Abstract 329: High Volume Femoral Vein Infusion Significantly Increases EtCO2 During Prolonged CPR
Introduction: Animal research has suggested that inducing therapeutic hypothermia during the arrest period (e.g. during chest compressions) may provide more benefit than inducing hypothermia after return of spontaneous circulation. Hypothermia induction technologies can be divided into two classes: technologies that require volume infusions, and technologies that do not. We hypothesize that a prolonged cold volume infusion during ongoing CPR will alter CPR hemodynamics, particularly venous return of blood to the heart.
Methods: Eighteen temperatures were monitored in 24 domestic swine (~30 Kg) during intra-arrest hypothermia induction with ongoing CPR. Mechanical chest compressions and hypothermia induction were started after ten minutes of untreated VF. Chest compressions were performed at a rate of 100 per minute and a depth of 1.25 inches for 60 minutes. Hypothermia induction techniques included: control, femoral vein cold saline infusion, femoral vein ice slurry infusion, carotid cold saline infusion, carotid ice slurry infusion, nasopharyngeal cooling, heat exchange catheter cooling, and blanket cooling. The experiment was terminated after 60 minutes of chest compressions and cooling.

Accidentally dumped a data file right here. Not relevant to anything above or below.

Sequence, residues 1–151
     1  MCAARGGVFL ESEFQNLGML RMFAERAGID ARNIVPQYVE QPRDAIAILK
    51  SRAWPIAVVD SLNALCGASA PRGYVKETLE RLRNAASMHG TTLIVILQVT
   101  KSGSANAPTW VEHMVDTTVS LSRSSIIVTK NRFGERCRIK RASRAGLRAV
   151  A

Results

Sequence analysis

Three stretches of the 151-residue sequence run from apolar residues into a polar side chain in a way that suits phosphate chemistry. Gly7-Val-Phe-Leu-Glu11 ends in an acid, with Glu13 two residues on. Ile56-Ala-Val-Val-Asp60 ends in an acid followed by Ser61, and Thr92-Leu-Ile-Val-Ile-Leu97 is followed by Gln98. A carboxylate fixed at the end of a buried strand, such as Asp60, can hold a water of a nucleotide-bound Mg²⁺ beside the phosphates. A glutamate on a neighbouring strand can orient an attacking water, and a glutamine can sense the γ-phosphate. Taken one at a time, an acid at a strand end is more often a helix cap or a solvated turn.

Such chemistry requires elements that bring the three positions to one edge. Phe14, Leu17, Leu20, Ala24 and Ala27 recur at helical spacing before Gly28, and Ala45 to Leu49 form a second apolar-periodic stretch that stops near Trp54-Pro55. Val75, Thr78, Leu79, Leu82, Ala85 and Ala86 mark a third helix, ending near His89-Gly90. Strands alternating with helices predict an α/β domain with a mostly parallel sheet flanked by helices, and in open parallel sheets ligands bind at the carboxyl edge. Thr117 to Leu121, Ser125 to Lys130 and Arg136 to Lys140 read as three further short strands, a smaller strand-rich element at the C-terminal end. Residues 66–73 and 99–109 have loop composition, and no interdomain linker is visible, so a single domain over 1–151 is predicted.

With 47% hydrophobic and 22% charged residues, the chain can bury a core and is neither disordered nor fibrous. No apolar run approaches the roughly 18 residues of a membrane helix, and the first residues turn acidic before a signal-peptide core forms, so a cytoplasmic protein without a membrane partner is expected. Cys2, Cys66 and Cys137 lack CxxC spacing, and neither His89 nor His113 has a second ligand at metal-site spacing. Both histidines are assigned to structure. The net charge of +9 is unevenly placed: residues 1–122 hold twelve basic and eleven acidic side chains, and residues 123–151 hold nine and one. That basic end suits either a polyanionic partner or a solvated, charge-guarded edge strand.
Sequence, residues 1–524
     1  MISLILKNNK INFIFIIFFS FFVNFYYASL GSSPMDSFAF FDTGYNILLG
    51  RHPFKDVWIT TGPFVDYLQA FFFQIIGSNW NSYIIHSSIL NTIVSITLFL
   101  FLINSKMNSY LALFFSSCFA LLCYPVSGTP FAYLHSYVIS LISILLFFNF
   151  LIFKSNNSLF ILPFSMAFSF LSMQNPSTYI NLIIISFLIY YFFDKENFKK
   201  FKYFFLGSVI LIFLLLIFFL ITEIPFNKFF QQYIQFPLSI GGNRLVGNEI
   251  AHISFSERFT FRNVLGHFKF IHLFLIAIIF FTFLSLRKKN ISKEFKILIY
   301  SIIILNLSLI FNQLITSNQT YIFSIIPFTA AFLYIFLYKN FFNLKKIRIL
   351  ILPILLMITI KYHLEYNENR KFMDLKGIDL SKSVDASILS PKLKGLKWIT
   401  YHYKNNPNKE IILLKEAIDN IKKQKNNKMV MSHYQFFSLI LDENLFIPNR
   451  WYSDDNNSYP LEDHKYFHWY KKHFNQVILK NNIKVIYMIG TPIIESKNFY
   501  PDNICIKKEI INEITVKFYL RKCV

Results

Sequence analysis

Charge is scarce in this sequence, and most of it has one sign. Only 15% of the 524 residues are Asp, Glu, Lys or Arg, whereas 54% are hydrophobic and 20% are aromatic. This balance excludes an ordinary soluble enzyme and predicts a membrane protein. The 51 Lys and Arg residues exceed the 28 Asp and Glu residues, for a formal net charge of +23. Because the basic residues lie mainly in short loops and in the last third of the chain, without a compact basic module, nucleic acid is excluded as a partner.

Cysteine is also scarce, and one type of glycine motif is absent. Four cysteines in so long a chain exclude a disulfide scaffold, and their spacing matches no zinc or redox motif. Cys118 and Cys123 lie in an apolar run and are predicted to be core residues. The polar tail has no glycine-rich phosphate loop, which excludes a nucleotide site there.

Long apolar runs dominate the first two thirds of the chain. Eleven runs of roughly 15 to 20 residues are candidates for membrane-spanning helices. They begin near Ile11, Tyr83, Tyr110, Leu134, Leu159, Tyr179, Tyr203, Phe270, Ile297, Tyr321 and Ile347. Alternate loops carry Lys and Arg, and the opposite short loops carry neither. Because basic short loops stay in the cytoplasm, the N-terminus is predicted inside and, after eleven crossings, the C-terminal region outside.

Results: 3 Liter femoral vein (FV) infusions of cold saline and ice particulate slurry at a rate of ~ 75 ml/min significantly increased EtCO2 during CPR at times 20-30 min (ETCO2_FV = 29.63 mmHg vs. ETCO2 = 22.16 mmHg, p<0.05), 30-40 min (ETCO2_FV = 23.8 mmHg vs. ETCO = 13.94 mmHg, p<0.05), and 40-50 min (ETCO2_FV = 20.07 mmHg vs. ETCO2 = 10.69 mmHg, p<0.05), with a trend toward significance at 50-60 min (ETCO2_FV = 16.84 vs. ETCO2 = 8.26, p = 0.056). Carotid infusions of similar volumes at similar rates did not improve ETCO2 during prolonged CPR.
Conclusions: High volume femoral infusions administered during CPR significantly increased measured values of ETCO2. While not definitive, this data supports the hypothesis that imposing a volume driven flow in the femoral vein during CPR improves venous return. Interestingly, imposing a similar flow through the carotid artery did not increase measured values of ETCO2. The interplay between volume infusions and chest compression generated blood flow requires further study.
- © 2013 by American Heart Association, Inc.